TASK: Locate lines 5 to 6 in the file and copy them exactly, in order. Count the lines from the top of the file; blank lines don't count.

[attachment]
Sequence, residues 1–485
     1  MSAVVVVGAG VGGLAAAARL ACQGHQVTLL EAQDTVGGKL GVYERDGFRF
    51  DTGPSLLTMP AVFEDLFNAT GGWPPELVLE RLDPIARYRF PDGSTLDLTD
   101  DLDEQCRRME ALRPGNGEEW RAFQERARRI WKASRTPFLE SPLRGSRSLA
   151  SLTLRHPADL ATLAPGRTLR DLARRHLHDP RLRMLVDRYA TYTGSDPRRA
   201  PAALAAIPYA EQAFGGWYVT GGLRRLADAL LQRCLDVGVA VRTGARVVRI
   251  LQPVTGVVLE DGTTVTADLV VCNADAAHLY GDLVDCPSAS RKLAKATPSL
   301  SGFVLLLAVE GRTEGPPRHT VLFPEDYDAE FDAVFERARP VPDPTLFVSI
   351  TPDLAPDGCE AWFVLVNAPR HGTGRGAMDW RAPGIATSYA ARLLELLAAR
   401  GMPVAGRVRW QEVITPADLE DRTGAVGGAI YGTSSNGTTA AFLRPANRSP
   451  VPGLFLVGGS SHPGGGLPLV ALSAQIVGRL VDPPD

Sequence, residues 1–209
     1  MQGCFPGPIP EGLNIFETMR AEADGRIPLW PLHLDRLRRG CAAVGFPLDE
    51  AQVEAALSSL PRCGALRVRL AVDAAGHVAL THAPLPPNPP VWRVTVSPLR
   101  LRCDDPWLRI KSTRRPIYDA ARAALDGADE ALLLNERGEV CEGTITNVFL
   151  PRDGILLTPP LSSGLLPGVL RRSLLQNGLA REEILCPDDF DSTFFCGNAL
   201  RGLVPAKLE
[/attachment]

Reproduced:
   151  SLTLRHPADL ATLAPGRTLR DLARRHLHDP RLRMLVDRYA TYTGSDPRRA
   201  PAALAAIPYA EQAFGGWYVT GGLRRLADAL LQRCLDVGVA VRTGARVVRI